When the man later asked if she had change yet (he never got his drink), she replied, "I'm the person controlling the change, and I don't have enough for that yet."
Continental 1517. BWI to Cleveland, May 16, due out at 9:45 a.m., Boeing 737. On time.
The security screeners at BWI are routinely gruff and poker-faced. No exception this time.
An utterly routine, quick flight. I tried to chat with a little girl named Miranda in the center seat, but her mom said she was shy.
Suddenly we were descending into Cleveland.
Continental 1731. Cleveland to Phoenix, May 16, due out at 12:14 p.m., Boeing 737. On time.
There was a real scramble to help a family sit together, fraying some tempers slightly. Things finally settled down even though some folks who had had aisle seats ended up in middle seats.
This plane was not made for long flights. The "thinline" seats get uncomfortable over a four-hour-and-four-minute flight.
Otherwise the flight was routine.
My impression of my two Continental flights was: efficient, properly pleasant, on time. Sort of what you would wish for on those days when you have flights from hell.
America West 2271 (Continental code share). Phoenix to Houston, May 19, due out at 8:54 a.m., Boeing 737. Thirty minutes late because of a mechanical problem.
This is the only non-Big 8 flight I took, even though it was a Continental code share.
It was a confusing flight. The mechanical problem was never explained other than, "It's a computer thing."
Seating at the end was confusing, as several people seemed to think they had the same seats.
My seatmates were shallow little lovebirds who deserved each other. Loud, silly, hard to turn off.
Mini-pretzels with 340 milligrams of sodium.
I was glad to get off. Baggage was amazingly slow.
Southwest 284. Houston to Dallas, May 20, due out at 5 p.m., Boeing 737. Took off seven minutes late but was on time at Dallas Love Field.
The culture of this flight was totally different from other Southwest flights. No screaming kids, no first-time fliers. This was filled with businesspeople, many of whom appeared to have it made.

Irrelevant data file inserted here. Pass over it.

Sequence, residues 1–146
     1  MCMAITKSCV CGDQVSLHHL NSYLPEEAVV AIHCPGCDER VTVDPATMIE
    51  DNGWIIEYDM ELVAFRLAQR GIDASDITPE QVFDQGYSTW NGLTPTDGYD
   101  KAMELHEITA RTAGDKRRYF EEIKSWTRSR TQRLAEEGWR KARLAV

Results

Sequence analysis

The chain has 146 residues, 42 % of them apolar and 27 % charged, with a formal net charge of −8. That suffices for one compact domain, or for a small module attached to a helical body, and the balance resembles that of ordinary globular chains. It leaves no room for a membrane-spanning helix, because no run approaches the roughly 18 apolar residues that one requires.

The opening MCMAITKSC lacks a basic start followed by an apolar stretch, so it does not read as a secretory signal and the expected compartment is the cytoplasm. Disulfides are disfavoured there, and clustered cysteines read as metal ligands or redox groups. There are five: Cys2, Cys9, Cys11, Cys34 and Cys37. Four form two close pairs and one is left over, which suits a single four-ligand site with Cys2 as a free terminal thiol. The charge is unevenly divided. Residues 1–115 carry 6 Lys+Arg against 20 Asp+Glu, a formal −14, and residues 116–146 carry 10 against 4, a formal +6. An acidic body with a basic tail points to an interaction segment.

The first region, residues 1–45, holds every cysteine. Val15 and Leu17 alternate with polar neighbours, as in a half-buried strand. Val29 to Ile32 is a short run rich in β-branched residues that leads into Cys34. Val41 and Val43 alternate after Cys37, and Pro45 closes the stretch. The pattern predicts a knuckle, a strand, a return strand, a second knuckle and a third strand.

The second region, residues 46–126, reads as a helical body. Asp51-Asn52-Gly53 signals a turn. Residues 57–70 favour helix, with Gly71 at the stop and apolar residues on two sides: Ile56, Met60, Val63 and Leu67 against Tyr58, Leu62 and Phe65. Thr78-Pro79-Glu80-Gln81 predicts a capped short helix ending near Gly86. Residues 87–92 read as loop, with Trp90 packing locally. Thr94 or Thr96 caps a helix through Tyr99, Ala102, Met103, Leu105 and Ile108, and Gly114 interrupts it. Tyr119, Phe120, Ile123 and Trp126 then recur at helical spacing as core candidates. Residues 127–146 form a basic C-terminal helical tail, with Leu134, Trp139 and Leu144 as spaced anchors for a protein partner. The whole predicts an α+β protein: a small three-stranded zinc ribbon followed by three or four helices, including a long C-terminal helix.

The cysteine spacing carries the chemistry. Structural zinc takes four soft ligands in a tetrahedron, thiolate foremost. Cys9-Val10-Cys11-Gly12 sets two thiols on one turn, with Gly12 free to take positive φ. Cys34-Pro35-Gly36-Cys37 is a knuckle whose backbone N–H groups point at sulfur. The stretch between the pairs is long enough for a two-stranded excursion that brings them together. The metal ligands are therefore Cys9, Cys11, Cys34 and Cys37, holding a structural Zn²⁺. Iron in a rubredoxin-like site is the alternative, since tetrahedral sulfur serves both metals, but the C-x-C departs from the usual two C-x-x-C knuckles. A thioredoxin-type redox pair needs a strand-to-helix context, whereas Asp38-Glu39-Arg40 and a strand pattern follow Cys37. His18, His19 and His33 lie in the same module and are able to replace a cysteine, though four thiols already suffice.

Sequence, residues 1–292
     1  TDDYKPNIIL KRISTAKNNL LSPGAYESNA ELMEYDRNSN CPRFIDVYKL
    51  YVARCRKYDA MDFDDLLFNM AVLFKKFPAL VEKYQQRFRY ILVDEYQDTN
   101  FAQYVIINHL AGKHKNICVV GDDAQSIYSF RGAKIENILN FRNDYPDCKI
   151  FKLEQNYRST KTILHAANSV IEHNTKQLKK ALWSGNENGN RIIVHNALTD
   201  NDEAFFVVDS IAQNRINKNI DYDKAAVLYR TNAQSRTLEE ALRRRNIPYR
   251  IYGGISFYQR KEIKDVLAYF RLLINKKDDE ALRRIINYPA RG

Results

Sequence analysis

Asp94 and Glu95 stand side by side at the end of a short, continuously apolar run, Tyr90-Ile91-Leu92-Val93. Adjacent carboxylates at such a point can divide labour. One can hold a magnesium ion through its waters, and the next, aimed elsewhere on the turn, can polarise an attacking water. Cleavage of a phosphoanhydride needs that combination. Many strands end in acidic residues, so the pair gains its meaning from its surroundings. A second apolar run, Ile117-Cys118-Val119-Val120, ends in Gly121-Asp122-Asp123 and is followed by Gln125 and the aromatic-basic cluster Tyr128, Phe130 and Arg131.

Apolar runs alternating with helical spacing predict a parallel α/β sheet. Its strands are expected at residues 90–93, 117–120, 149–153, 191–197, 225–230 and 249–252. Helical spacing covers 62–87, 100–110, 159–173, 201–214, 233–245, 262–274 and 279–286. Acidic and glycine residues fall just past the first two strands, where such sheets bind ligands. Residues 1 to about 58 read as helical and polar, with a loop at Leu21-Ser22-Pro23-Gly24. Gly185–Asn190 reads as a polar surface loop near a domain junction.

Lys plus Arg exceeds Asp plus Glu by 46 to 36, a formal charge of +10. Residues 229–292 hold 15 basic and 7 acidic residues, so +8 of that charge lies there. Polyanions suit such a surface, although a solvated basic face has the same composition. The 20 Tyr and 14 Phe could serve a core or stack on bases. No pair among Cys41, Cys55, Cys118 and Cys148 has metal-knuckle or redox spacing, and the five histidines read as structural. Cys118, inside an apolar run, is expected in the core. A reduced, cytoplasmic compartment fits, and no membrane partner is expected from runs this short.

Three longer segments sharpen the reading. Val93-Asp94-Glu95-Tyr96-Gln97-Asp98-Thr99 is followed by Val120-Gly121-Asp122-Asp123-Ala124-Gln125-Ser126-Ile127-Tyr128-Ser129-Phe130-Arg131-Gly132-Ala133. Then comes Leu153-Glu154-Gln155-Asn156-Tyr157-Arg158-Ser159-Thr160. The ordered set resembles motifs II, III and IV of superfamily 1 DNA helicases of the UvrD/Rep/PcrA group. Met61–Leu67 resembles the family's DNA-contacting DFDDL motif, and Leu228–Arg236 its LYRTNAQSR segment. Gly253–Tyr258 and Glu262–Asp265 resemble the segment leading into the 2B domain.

I had a discussion with my seatmate about whether her next car should be a Cadillac or a Lexus. She was torn. She complained that Southwest had canceled service to Beaumont, Tex., something the airline did more than a decade ago. She had not forgiven them.
A quick flight. Everything ran well.
Love Field was packed wall to wall. It was hard to walk.
US Airways 1128. Dallas to Charlotte, May 21, due out at 2:30 p.m., MD-80. On time.
DFW is a spread-out, hard-to-use airport.
The jet bridge was so hot some people couldn't stand it and went outside until the line subsides. The plane was also hot.
The pilot announced: "We do understand it's stifling hot. It'll get much cooler when we get moving."
This was the first flight on which I saw a lot of carry-on bags being stuffed into every corner.
US Airways 1876. Charlotte to BWI, May 21, due out at 6:50 p.m., Boeing 737. On time.
There was actually an empty center seat next to me. My first of the trip. Wow.
This was also my first female captain of the trip. "Nice evening to fly. 59 minutes en route," she said.
I relaxed. Female pilots, like female cops, tend to be strict, by-the-book types. No one was about to take a chance with my life on this flight.
My bag was actually the first off the conveyor. I ran to chase it down.
I was getting really fatigued by now. I didn't realize it at the time, but the trip was beginning to take a toll.
United 277. Dulles to Chicago, May 23, due out at 4:43 p.m., Boeing 777. Fifty minutes late because of weather in Chicago.
The 777 is a nice plane. The seats are an inch or two wider than normal.
Dulles was really crowded.
Northwest 131. Chicago to Minneapolis, May 25, due out at noon, Boeing 727. On time.
Only about one-third full, by far the emptiest flight of the trip. There's too much capacity in the market.
I was given a choice of peanuts or pretzels. My only choice of a snack on any flight.
We were on time all right, but there was a jam-up getting into the gate. A minor delay, but annoying.
Northwest 626. Minneapolis to Dulles, May 24, due out at 6:40 p.m., DC-9. On time.
As we took off, I got a warm feeling. This was the last flight. Damn, it'd be good to get on the ground. As we got to cruising altitude, I ordered a couple of red wines and toasted a beautiful red sunset.
The food was reasonable. It was a beautiful night. I was going home.
I can't judge this flight. It might have been as wonderful as it seemed or it might have been terrible. But it was taking me home, and it was a wonderful plane.